Doug “Uncola” Lynn reviews Everything I Know About Business I Learned From The Godfather. As you’ve probably already guessed, I wouldn’t be posting it if it was a bad review. From Lynn at theburningplatform.com:
Although that particular truism is often mistakenly attributed to the author C.S. Lewis, it was actually William Nicholson who wrote those words in his 1989 play “Shadowlands”, a story about C.S. Lewis.
Indeed. The power of words. And perhaps many of us out here in the interwebic blogosphere write to know we’re not alone as well.
Especially during times like these.
We use words to comfort and curse, to encourage, to promise, to teach, buy, sell, debate, learn, manipulate, lie, share, seduce, pray, preach, promote, warn, and even survive.
In the aforementioned play, “Shadowlands“, there is another quote that many now reading this may also find relevant to our times:
….pain is God’s megaphone to rouse a deaf world. Why must it be pain? Why can’t he rouse us more gently, with violins or laughter? Because the dream from which we must be wakened, is the dream that all is well.
No, Dear Reader, all is not well. But it never has been in this corrupt world; or, at least, very well for very long. Everything turns. And whether or not any megaphonic pain originates from God or the devil is beside the point. The truth remains: life is suffering and it’s been that way from the time of man’s first moans.
To be sure, ever since earth’s original family settled east of Eden it’s been a dog-eat-dog world where only the strong, and smart, survived. Truly, it wasn’t peoplekind’s opposable thumbs alone that placed them at the top of the animal kingdom’s food chain – it was their ability to think. Or, rather, the mind’s ability to choose. To decide. To improve. All of these derived from the silver lining of free will.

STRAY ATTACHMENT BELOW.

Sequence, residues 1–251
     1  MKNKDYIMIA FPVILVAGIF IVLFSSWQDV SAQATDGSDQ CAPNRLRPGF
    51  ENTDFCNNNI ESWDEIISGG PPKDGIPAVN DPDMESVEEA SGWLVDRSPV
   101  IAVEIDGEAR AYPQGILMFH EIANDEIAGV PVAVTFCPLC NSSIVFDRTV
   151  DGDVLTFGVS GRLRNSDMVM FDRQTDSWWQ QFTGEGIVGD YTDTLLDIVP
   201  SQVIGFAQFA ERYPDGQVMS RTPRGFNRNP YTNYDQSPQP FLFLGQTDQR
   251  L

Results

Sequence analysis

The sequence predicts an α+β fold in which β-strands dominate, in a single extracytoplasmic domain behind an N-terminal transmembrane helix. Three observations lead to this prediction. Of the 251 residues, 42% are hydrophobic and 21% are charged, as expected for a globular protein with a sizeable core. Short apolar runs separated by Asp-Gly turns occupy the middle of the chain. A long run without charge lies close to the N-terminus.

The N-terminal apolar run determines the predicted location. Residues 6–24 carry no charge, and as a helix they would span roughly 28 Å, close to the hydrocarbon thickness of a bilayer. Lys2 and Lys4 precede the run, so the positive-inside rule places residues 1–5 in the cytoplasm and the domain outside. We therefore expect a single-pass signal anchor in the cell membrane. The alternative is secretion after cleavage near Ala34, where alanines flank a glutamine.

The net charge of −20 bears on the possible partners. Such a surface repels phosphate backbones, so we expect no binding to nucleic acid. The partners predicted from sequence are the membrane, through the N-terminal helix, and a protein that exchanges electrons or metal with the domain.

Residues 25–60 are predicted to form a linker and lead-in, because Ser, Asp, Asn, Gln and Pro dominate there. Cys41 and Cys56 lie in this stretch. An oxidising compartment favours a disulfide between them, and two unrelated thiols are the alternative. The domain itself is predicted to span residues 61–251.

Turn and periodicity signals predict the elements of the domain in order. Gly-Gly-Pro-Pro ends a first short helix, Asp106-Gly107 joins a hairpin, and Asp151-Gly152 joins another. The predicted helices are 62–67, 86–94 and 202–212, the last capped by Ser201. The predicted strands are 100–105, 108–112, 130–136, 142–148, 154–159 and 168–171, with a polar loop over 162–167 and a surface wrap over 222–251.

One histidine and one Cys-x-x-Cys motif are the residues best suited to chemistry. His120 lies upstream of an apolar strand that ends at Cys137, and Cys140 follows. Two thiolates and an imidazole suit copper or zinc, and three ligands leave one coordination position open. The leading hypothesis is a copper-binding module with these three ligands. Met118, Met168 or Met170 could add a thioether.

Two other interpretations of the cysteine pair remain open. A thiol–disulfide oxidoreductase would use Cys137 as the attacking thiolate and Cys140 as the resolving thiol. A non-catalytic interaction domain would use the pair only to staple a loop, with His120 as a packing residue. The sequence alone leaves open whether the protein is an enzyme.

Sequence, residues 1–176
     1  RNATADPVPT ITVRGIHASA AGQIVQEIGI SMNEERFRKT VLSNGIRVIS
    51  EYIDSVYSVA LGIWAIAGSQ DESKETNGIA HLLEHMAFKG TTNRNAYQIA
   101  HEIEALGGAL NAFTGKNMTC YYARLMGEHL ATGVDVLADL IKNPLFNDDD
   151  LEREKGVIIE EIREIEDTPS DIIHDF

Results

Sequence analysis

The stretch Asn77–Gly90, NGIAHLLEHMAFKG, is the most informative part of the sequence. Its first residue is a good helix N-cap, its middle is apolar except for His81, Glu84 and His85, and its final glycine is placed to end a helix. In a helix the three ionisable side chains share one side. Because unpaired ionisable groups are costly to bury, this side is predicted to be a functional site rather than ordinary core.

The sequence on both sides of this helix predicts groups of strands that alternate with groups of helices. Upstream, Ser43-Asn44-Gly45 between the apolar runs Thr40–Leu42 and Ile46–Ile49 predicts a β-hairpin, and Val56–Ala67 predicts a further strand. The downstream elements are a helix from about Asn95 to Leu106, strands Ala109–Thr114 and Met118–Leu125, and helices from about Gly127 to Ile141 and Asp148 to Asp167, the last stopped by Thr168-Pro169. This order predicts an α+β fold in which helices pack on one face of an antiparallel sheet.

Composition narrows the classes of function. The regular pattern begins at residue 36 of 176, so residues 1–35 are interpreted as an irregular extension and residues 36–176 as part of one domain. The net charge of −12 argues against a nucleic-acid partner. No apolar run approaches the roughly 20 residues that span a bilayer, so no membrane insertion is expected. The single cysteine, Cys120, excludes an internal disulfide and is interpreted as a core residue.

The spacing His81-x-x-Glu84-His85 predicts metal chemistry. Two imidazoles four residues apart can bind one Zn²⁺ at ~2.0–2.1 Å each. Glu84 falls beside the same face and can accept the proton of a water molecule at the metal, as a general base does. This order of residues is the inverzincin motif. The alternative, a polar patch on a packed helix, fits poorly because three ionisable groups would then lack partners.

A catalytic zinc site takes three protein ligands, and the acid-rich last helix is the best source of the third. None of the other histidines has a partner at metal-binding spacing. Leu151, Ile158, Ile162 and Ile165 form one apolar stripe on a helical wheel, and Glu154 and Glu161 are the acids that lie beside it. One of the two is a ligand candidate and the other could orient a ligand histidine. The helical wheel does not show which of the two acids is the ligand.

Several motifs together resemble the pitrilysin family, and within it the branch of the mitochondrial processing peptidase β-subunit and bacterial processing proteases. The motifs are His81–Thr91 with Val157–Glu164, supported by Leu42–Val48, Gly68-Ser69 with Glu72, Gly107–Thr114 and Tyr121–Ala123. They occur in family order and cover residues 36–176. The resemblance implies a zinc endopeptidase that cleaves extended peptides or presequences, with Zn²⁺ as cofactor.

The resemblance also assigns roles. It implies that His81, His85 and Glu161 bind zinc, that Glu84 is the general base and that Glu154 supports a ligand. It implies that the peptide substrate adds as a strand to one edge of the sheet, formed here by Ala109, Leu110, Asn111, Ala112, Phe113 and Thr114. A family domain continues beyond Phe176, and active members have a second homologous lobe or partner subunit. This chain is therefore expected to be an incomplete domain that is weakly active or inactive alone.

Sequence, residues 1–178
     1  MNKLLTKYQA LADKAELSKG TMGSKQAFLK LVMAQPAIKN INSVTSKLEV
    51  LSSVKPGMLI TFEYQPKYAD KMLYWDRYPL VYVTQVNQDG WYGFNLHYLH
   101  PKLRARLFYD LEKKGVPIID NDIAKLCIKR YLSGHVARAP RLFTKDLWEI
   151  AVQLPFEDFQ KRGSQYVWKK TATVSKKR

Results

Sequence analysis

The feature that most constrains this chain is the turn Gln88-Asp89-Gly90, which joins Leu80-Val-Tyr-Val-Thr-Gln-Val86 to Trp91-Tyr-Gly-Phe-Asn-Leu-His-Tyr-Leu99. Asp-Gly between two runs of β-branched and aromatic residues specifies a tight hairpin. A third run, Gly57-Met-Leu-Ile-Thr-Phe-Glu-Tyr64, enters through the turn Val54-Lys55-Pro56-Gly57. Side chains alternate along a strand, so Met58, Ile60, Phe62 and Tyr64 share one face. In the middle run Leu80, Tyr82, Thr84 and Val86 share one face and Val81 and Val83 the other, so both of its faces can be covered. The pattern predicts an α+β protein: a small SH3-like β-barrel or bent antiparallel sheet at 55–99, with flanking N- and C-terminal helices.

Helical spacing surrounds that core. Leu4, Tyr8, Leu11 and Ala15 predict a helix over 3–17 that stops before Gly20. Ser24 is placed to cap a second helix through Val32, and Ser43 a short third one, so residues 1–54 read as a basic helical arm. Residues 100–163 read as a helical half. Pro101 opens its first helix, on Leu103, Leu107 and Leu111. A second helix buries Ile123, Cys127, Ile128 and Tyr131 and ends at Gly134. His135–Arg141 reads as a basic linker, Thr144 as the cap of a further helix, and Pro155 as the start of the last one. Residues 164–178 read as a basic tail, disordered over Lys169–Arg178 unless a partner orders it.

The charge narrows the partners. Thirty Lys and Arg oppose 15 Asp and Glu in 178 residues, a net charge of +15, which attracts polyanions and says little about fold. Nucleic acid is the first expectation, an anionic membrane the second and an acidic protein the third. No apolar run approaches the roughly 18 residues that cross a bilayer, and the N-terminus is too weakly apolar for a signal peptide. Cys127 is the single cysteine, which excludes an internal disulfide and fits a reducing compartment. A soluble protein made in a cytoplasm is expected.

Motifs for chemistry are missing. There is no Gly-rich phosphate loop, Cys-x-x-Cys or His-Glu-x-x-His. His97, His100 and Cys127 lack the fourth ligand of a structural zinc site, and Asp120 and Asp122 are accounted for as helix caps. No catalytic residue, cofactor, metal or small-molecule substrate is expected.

And, undeniably, those who have decided best, have lived best. This is very important to understand, especially now. Because the times are about to become more extreme than most people currently realize; even to the point to where split-second decisions will determine who lives and who dies.
Since starting my blog over three years ago, I’ve attempted to tell the truth to the best of my ability. I’ve done so, of course, at my own expense measured primarily by time spent subtracted from zero financial gain – and to the tune of well over 300,000 words so far.
What I’ve gained from my blogging experience, fortunately, has been the ability to remain sane during these crazy times as well as the beneficial, even priceless, perspectives of various online “friends”.
Yes, even in the rough-and-tumble digital world of the free internet: We read to know we’re not alone.
Experience is a brutal teacher, but you learn fast.
– Nicholson, William. (1989). “Shadowlands”.
Certainly, all of this was on my mind while I read the latest book written by a fellow blogger, and my online friend, Robert Gore of StraightLineLogic.com. Gore’s most recent book is “Everything I Know About Business I Learned From the Godfather”. Therein, Gore’s personal life and business experiences are paired to the now iconic fictional characters that were first imagined by Mario Puzo, the author who wrote the original Godfather novel in 1969. And, undoubtedly, in the opinion of this blogger, Gore’s latest effort has resulted in some very keen insights that are quite relevant to our times.